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Oscar Abrams

Born, 1937. Died, 1996

Oscar Abrams (10/3/37 - 15/2/96) was a thatre designer, community activist and community organiser who was best known for his work establishing and directing the Keskidee Centre in Caledonian Road, North London. It was Britain’s first Black arts centre; that is, an arts centre for the Black community, which combined theatre, grassroots activism and cultural education. The centre took its name from a Caribbean bird, found in Trinidad and Tobago, a small bird with a bright yellow underbelly. Its wings and back are black with small white markings. Keskidee Centre was established in the early 1970s (1971) and created a new model for grassroots creativity in the Black community, simultaneously providing a meeting space for disaffected Black youth and others, at a time when a new generation of Black British youngsters were coming of age. Simultaneously, the centre served as a venue and meeting place for Caribbean Artists Movement members and activities. Dub poet Linton Kwesi Johnson was for a time the educational officer at the Keskidee and his work at the centre was memorably chronicled in Franco Rosso’s documentary Dread, Beat and Blood. Dread, Beat an’ Blood (Franco Rosso, UK/1979/colour/45 mins/documentary)

Dread, Beat an’ Blood was a BBC documentary made by Franco Rosso, the Italian filmmaker responsible for Babylon. Named after Linton Kwesi Johnson’s debut recording of poetry, it introduces us to the work, the life and the world of this Jamaica-born, Brixton-based poet whose work quickly came to echo the sentiments and the frustrations of emerging Black Britain. The film is an engaging and sympathetic portrait of an extraordinary poet, who was determined to give status to Jamaican ‘patois’, the folk oral expression of the poorer people. Through the documentary we learn much about the ways in which LKJ approaches his craft, and about the trials, tribulations, challenges and achievements of his life. He was, at the time of the film’s making, a mere 27 years old, but had already been accepted as the founder of ‘dub poetry’, a new, raw and dynamic form of poetry that overturned much of the ways in which ‘poetry’ was traditionally defined and practiced. Dread, Beat an’ Blood reflected much of the emerging existence of young Black Britain. As such, it was on Rosso’s part a profoundly multilayered and deeply empathetic work.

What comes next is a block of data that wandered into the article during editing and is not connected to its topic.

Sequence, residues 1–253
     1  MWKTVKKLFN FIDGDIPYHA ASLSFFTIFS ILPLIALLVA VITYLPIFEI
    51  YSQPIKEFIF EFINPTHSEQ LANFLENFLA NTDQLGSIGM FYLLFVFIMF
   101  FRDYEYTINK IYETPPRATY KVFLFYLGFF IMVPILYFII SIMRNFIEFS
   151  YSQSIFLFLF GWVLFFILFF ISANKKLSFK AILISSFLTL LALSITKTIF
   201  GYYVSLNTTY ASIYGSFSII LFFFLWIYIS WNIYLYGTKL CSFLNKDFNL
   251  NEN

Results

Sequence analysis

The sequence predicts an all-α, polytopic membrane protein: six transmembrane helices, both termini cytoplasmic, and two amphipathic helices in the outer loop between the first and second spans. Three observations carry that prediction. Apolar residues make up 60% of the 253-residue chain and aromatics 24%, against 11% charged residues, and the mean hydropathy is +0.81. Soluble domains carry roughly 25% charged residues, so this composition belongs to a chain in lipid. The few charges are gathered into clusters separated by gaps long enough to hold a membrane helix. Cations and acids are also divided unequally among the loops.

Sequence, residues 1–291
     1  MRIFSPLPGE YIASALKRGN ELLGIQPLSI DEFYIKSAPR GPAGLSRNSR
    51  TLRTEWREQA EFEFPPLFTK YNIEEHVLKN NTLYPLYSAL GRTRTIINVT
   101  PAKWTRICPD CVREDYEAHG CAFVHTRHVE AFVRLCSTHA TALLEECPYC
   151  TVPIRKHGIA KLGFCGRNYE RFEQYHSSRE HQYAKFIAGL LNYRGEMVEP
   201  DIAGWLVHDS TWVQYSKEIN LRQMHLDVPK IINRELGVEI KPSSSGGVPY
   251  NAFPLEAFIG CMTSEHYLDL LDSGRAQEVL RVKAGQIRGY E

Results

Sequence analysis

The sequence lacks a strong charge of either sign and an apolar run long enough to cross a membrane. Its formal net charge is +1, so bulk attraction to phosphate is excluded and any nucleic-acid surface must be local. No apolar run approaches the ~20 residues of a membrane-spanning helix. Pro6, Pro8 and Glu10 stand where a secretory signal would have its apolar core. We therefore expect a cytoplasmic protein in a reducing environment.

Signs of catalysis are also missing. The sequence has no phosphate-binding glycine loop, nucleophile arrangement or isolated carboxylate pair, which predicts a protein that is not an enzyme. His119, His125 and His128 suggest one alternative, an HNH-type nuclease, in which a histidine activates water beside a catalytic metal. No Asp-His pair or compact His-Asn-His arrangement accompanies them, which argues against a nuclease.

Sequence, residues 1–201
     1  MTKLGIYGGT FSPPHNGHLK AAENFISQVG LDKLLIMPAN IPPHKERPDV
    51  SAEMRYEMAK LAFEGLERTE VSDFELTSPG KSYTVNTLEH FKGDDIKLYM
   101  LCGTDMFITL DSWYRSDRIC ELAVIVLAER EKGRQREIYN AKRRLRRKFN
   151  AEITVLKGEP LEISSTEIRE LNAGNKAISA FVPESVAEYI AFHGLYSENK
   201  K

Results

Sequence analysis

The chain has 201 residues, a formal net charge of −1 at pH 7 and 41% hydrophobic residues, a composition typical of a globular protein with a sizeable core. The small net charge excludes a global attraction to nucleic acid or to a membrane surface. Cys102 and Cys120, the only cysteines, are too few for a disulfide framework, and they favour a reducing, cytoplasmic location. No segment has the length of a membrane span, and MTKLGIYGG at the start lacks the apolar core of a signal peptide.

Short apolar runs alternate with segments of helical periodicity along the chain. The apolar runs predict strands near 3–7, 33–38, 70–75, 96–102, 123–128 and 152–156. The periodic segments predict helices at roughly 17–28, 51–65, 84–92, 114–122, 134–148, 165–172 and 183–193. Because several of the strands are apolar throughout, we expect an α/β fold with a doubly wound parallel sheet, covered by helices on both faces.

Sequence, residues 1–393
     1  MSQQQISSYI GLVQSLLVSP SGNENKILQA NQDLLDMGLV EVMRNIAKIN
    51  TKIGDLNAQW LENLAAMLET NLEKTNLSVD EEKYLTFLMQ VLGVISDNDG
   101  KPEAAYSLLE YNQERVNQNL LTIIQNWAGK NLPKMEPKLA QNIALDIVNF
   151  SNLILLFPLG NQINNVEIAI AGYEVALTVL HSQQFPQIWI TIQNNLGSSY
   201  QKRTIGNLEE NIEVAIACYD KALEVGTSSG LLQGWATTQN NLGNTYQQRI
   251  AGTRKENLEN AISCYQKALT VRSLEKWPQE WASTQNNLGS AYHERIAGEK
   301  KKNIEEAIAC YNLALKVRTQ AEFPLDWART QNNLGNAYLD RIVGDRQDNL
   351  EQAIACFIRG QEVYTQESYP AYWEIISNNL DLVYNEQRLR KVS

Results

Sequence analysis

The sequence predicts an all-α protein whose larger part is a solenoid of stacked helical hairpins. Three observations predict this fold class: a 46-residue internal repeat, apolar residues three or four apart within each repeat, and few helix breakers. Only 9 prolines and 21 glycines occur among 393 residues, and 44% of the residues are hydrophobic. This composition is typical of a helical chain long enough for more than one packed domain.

Bob Marley shot the music video for Is This Love? at the Keskidee Centre. Other luminaries associated with the centre included Walter Rodney, Edward Braithwaite, and Angela Davis.

The Centre, and the building in which it was housed, was the feature of a BBC Radio 4 documentary in May 2009 presented by oral historian Alan Dein. The online trailer for the documentary stated that the Keskidee Centre “had its own drama company, artists in residence and was a hub for African and Afro-Caribbean politics and arts, as well as a creative nursery for homegrown talent. It also catered for the needs of local youth and gave a generation of black teenagers a space of their own.”

Tunde Jegede, the composer and multi-instrumentalist whose work is a fusion of traditional African music, contemporary classical music, and pop music is one of the illustrious artists whose appreciation of African diasporic culture was apparently initiated and nurtured through his contact with Keskidee during his youth. Born in 1972, Tunde Jegede is a prolific producer and songwriter who has gained proficiency in several musical instruments and forms, namely cello, kora, piano and percussion.